The NCES provides aggregated data on public school attendance and expenditures by locale for the entire nation through the 2008-2009 and 2007-2008 school years, respectively.[*] Nationally, 64 percent of all students in the 2008-2009 school year attended a public school located in a city or suburb. About 35 percent of students attend suburban schools — more than any other major locale group. About 29 percent of all public school students nationwide attend schools in a large suburb — that is, schools outside a principal city, but within an urbanized area of 250,000 people or more (see Graphic 1).[10]

Graphic 1: Percentage of Public Schools and Enrollments by Locale Subgroup, United States, Fiscal 2009[11]

Graphic 1: Percentage of Public Schools and Enrollments by Locale Subgroup, United States, Fiscal 2009 - click to enlarge

Source: Digest of Education Statistics, National Center for Education Statistics

Nationally, in the 2007-2008 school year, the city and suburban school districts spent an average of more than $10,000 per student on operating expenditures — $10,321 and $10,249, respectively. Meanwhile, the town and rural locale groups spent more than $9,000 per pupil on operating expenditures — $9,235 and $9,415, respectively. The largest disparity in per-pupil operating expenditures in 2008 among the four locale groups was between the city and town locale groups, with the city school districts spending 12 percent more on average than the town school districts. The average per-pupil operating expenditure for the entire country in 2008 was $9,992.[12]

Among the 12 locale subgroups, the large city subgroup spent the most per student on operating expenditures in 2008: $10,894 (see Graphic 2). Large suburban and remote rural subgroups also spent more than $10,000 per pupil that year. The remote town subgroup spent the least of the 12 — $9,108 per pupil, or 16 percent less than the large city subgroup.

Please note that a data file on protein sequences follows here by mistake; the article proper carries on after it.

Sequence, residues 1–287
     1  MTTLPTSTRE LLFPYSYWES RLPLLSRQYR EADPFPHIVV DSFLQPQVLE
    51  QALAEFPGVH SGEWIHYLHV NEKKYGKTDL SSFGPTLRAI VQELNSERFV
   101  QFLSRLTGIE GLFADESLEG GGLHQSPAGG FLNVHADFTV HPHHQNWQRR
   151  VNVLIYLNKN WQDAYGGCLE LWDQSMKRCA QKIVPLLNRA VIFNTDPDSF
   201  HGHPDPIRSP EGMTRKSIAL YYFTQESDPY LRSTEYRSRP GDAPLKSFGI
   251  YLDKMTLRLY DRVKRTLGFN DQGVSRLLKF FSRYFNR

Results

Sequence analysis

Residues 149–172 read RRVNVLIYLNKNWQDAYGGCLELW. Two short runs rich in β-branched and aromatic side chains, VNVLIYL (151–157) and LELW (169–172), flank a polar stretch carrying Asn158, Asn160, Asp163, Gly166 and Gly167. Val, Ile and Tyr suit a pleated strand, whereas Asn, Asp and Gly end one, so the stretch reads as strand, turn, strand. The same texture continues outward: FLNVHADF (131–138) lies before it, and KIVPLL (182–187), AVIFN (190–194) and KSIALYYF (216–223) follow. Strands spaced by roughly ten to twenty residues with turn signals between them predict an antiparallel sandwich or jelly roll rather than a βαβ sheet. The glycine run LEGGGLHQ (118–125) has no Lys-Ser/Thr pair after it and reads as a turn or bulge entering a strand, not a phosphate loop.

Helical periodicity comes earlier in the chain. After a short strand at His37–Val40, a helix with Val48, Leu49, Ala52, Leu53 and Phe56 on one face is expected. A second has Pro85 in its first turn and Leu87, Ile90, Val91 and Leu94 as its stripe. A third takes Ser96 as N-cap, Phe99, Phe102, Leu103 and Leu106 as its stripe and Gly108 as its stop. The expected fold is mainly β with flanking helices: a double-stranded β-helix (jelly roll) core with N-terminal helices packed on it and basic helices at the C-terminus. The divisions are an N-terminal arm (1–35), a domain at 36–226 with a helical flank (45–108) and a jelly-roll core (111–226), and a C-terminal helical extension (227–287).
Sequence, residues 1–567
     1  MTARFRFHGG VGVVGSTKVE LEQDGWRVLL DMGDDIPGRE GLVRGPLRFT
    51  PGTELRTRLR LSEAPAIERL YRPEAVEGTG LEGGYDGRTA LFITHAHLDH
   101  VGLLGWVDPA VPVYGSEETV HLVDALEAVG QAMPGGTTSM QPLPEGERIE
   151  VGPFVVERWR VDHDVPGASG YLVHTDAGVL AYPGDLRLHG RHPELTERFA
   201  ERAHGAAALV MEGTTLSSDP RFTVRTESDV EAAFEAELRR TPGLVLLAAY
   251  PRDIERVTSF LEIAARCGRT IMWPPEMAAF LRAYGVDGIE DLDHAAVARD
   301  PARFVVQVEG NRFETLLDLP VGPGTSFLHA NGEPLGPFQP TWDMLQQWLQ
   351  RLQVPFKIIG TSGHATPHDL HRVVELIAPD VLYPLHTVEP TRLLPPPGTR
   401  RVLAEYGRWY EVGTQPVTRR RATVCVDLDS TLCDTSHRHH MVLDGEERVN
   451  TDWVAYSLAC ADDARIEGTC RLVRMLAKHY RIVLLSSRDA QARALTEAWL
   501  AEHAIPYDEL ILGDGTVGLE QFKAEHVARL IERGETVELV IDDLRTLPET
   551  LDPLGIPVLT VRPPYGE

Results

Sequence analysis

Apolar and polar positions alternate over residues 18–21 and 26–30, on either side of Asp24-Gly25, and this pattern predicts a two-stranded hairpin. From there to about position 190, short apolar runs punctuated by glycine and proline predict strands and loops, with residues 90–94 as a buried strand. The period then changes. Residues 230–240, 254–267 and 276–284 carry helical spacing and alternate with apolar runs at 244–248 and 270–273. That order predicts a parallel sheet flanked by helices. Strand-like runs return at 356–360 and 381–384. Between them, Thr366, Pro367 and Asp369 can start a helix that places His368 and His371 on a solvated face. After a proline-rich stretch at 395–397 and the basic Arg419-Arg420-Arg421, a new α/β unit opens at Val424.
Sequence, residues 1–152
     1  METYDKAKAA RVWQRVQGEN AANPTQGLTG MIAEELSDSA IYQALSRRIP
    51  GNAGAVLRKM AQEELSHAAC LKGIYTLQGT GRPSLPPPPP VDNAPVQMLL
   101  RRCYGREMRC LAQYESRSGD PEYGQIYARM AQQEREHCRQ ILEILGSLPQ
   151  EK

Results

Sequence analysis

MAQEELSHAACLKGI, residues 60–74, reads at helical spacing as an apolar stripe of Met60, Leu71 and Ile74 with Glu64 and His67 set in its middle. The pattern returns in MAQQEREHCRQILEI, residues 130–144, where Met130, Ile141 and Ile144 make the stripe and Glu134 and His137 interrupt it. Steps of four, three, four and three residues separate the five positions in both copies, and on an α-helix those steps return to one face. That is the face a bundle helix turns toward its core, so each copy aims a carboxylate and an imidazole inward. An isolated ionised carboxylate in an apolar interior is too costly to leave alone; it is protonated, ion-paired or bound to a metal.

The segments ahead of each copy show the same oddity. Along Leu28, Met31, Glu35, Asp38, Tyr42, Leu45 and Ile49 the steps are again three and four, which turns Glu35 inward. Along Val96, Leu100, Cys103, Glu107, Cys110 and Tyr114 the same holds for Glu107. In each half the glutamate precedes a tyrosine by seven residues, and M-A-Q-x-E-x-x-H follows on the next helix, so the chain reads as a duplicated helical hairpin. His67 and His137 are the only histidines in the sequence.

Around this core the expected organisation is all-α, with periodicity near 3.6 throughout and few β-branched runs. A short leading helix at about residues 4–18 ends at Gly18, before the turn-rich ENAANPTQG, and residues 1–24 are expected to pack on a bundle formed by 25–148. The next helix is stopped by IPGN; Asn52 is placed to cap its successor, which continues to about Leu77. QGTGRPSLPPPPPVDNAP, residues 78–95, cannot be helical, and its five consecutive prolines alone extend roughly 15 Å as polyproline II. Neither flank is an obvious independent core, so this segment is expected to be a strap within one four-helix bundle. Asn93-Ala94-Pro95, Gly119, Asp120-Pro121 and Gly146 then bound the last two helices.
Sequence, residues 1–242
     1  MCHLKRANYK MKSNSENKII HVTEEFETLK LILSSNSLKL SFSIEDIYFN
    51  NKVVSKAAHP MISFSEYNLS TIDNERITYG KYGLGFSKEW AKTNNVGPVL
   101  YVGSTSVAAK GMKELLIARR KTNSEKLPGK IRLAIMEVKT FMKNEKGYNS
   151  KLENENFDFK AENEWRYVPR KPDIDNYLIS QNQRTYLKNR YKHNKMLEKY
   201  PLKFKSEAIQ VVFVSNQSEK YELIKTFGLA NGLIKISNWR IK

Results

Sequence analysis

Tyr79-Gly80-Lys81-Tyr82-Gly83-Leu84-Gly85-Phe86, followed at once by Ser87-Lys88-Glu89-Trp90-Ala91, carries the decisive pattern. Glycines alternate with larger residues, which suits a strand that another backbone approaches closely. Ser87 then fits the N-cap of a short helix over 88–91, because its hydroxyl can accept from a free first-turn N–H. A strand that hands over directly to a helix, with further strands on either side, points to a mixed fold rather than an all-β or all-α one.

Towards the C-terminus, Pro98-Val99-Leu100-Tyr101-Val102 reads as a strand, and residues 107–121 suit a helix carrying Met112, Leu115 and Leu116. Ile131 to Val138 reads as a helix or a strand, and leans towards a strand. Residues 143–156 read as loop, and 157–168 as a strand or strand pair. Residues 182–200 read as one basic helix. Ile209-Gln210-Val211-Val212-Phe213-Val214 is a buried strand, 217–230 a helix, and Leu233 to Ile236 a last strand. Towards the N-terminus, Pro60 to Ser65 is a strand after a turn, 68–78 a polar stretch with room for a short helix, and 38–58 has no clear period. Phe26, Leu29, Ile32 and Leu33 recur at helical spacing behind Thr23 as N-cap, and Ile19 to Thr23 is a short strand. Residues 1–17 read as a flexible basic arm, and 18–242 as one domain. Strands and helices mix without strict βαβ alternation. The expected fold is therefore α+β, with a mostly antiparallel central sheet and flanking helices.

There are other marked differences among locale subgroups, even within the same major locale category. For instance, the large suburban subgroup spent 12 percent more per pupil than the small suburban, and the remote rural subgroup spent 16 percent more per pupil than the fringe rural subgroup and 14 percent more per pupil than the distant rural subgroup.

Graphic 2: Operating Expenditures per Pupil by Locale Subgroup, United States, Fiscal 200813[13]

Graphic 2: Operating Expenditures per Pupil by Locale Subgroup, United States, Fiscal 2008 - click to enlarge

Source: Digest of Education Statistics, National Center for Education Statistics


[*] “Table 93: Public Elementary and Secondary Students, Schools, Pupil/Teacher Ratios, and Finances, by Type of Locale: 2007-08 and 2008-09.” In Digest of Education Statistics. (Washington, D.C.: National Center for Education Statistics, 2010), http://nces.ed.gov/programs/ digest/d10/tables/dt10_093.asp (accessed May 17, 2011). These data include charter schools.


[10] “Table 93: Public Elementary and Secondary Students, Schools, Pupil/Teacher Ratios, and Finances, by Type of Locale: 2007-08 and 2008-09,” in Digest of Education Statistics (Washington, D.C.: National Center for Education Statistics, 2010), http://nces.ed.gov/programs/digest/d10/tables/ dt10_093.asp (accessed May 17, 2011).

[11] Ibid.

[12] Author’s calculations based on “Table 93: Public Elementary and Secondary Students, Schools, Pupil/Teacher Ratios, and Finances, by Type of Locale: 2007-08 and 2008-09,” in Digest of Education Statistics (Washington, D.C.: National Center for Education Statistics, 2010), http://nces.ed.gov/programs/digest/d10/tables/dt10_093.asp (accessed May 17, 2011).

[13] Author’s calculations based on “Table 93: Public Elementary and Secondary Students, Schools, Pupil/Teacher Ratios, and Finances, by Type of Locale: 2007-08 and 2008-09,” in Digest of Education Statistics (Washington, D.C.: National Center for Education Statistics, 2010), http://nces.ed.gov/programs/digest/d10/tables/dt10_093.asp (accessed May 17, 2011).